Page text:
Whenever the discussion on retiring abroad arises, Costa Rica inevitably comes to mind. In fact, about 70,000 US citizens (mostly retirees) are already living there. As with any other country, there are advantages and disadvantages of retiring there.
Pros and cons of retiring in Costa Rica are:
The greatest appeal of Costa Rica is living in almost paradise for a fraction of the cost back home. The beautiful beaches and lush green rainforests truly are spectacular!
And, it’s widely reported an average American couple can live comfortably on $2,000 a month. As wonderful as all this sounds, stories abound of disillusioned expats returning home.
Cost of Living
Compared to the U.S., the cost of living can be significantly less. According to a recent survey by the National Statistics and Census Institute (INEC), the average Costa Rican monthly household income works out to be about $1,250 USD.
The table below shows expenses for the average expat couple compared to living in the US.
If you chose to live like a “Tico”, as Costa Ricans are referred to, you could get by on a $1,000 a month. More realistically, it’ll cost around $2,000 and more would be even better. Many couples can live quite comfortably off their Social Security.
Rental properties are inexpensive and, generally, fully furnished. When it comes to food, the “feria” or weekly farmers’ markets offer an abundance of fresh fruits, vegetables and meats at reasonable prices.
Most Americans desire a standard of living closer to what they had back home. Housing (and rental) prices vary widely across the country. If you chose to purchase a home in a gated community, you could be spending $300,000 or more.
With high import taxes, almost everything not produced locally will cost more. This includes all those modern appliances, imported foods and even vehicles. Even dining out can cost about the same as back home.
Located close to the equator, Costa Rica remains warm throughout the year. There's little fluctuation other than the rainy season lasting about half the year. This is why it’s one of the pros and cons of retiring in Costa Rica.
Even the hours of daylight remain remarkably constant with about 12 hours of sunshine every day.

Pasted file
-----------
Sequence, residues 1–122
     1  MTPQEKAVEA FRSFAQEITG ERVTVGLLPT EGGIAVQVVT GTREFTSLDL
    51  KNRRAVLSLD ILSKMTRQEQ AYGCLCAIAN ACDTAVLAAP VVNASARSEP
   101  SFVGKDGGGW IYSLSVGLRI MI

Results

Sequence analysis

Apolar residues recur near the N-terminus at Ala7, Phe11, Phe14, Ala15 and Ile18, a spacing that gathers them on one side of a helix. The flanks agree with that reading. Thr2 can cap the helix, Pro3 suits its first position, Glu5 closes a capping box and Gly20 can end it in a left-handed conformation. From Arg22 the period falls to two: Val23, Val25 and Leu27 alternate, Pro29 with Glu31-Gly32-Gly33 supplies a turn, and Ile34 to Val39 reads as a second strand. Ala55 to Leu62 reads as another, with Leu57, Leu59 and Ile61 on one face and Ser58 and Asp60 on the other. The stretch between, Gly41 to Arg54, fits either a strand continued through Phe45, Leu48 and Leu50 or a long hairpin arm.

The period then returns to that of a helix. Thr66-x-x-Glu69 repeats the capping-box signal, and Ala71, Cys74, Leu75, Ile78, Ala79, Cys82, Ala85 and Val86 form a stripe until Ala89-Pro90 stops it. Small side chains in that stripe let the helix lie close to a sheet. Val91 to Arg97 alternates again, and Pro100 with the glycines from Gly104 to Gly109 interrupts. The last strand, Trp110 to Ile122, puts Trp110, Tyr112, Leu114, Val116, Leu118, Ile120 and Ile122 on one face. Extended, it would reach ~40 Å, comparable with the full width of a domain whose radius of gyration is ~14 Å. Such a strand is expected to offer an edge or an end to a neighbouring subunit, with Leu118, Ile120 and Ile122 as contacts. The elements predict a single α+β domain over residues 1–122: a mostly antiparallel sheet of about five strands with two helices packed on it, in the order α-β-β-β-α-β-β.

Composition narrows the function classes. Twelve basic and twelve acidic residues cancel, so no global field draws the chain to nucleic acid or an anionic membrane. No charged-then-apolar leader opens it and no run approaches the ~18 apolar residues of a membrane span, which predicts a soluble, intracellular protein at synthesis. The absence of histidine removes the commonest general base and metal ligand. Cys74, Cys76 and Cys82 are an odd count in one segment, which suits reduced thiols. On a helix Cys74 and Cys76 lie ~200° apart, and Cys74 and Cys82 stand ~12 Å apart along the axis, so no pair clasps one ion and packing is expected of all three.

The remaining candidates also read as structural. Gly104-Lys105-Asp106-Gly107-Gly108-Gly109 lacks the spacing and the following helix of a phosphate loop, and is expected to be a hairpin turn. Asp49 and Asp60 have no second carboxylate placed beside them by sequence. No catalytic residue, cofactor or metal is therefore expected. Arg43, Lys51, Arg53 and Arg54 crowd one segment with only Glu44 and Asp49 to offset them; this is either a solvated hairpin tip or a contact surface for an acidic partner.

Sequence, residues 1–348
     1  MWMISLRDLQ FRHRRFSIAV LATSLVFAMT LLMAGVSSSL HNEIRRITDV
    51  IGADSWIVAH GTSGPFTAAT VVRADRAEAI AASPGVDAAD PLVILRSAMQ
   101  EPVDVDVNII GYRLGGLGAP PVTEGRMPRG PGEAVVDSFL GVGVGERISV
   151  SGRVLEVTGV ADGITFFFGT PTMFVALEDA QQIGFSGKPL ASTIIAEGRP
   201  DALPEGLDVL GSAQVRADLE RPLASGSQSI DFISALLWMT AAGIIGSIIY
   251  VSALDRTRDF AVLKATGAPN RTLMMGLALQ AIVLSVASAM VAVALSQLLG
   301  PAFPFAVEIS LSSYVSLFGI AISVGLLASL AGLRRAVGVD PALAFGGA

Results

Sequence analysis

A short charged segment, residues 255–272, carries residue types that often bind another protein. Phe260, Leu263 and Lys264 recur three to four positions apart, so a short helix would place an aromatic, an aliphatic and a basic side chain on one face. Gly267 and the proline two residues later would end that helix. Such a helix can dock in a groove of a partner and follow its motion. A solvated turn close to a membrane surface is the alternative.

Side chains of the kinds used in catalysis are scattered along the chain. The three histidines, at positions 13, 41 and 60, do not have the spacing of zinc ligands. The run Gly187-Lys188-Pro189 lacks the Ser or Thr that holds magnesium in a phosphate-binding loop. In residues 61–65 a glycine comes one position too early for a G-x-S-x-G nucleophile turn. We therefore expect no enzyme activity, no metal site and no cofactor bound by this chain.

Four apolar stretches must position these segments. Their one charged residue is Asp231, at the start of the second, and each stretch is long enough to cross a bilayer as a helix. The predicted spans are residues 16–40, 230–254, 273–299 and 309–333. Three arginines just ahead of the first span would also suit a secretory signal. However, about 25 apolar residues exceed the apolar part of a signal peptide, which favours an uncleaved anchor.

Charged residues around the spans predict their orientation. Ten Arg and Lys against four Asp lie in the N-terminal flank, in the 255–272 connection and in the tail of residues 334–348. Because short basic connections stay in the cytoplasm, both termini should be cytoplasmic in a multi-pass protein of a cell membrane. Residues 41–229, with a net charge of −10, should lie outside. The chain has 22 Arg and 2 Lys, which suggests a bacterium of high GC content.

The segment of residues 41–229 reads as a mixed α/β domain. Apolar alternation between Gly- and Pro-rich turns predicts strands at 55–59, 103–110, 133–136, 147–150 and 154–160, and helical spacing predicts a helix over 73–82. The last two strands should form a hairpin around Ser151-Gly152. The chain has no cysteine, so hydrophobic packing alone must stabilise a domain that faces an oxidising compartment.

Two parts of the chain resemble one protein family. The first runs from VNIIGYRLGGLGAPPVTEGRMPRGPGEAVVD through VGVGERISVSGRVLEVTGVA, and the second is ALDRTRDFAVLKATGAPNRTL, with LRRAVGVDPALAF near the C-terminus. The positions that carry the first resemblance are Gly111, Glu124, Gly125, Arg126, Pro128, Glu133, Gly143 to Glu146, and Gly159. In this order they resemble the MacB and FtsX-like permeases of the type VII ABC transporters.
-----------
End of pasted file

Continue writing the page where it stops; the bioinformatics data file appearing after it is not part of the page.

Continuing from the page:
The average annual temperature on the coast is 80 – 90°F. The mountainous inland areas are slightly cooler averaging 75 – 80°F. If winter isn’t your thing, you’ll love the temperate climate. No snow to shovel or icy conditions to deal with.
The downside is the “green season” where it rains almost daily and, sometimes, for days on end. This lasts from May through to November with an average of 100 inches of rain.
Certain mountainous regions can receive 25 feet of rain and are prone to flooding.
Filled With Natural Beauty
Largely unspoiled, Costa Rica is considered one of the most beautiful countries in the world. This includes gorgeous beaches, a rich variety of flora and fauna and virgin rain forests. The rugged mountainous interior is filled with volcanos.
There’s lots to see and do for anyone who appreciates nature. The government has created 28 national parks to protect Costa Rica’s national treasures. Three of these have been designated UNESCO World Heritage sites:
Roughly, a quarter of the country is protected to retain the rich eco-diversity. Some of the endangered species include squirrel monkeys, great green macaws and the jaguars.
Is Costa Rica Safe?
Costa Rica is considered to be the safest country to live in Central America. According to the 2020 Global Peace Index, it was ranked 32nd out of 163 countries. However, being a third world country, opportunist theft and petty crimes are rampant.
Their primary issue is one of geography. Columbian and Mexican cartels move vast quantities of drugs through the country. In addition, the influx of refugees and migrants searching for a better life heightens economic disparity.
All this contributes to an increase in crime. Over the past year, the homicide rate increased from 11.9 per 100,000 people to 12.3.
Common sense and basic precautions greatly minimize the risk of theft. Really no different than back home. The tourist areas are where the bulk of these crimes occur.
Another pro is the government is very stable. More so than any other country in Latin America. In fact, the army was abolished in 1949 and military spending was reallocated to improve quality of life.
The police are seldom able to resolve cases of petty theft. It appears Costa Ricans are lackadaisical about rising crime rates believing their country to be safe.
With the majority of crime in tourist areas, this laid-back attitude does little to address a growing problem.
Good Healthcare System
A critical consideration when living abroad is the quality of healthcare. In this regard, Costa Rica is frequently cited as very good.
The World Health Organization (WHO) rank them as 36th in the world, ahead of the United States, Cuba and New Zealand.
In addition to offering a high level of healthcare, it’s also inexpensive. The universal healthcare system known as “Caja” is low cost and available to all legal residents.
For about $150.00 a month, this includes doctor’s visits, surgeries, prescriptions and more.
Additional private healthcare is available for a fraction of the cost of back home. According to International Insurance, the average medical premium for expats is $596.08 per month.